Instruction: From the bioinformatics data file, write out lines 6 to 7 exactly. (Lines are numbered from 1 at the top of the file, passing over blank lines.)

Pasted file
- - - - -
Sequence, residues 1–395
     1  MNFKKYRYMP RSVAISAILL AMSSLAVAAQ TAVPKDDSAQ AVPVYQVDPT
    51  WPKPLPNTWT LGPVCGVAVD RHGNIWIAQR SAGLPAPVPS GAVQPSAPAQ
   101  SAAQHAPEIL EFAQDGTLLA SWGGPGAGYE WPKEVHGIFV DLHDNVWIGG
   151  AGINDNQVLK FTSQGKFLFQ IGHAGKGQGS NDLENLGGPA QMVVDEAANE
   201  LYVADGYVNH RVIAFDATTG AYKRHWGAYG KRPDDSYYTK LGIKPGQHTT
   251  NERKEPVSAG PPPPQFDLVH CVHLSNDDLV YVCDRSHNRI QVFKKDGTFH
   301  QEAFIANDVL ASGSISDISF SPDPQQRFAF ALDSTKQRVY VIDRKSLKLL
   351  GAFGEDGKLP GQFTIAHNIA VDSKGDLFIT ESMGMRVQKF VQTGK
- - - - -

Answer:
   201  LYVADGYVNH RVIAFDATTG AYKRHWGAYG KRPDDSYYTK LGIKPGQHTT
   251  NERKEPVSAG PPPPQFDLVH CVHLSNDDLV YVCDRSHNRI QVFKKDGTFH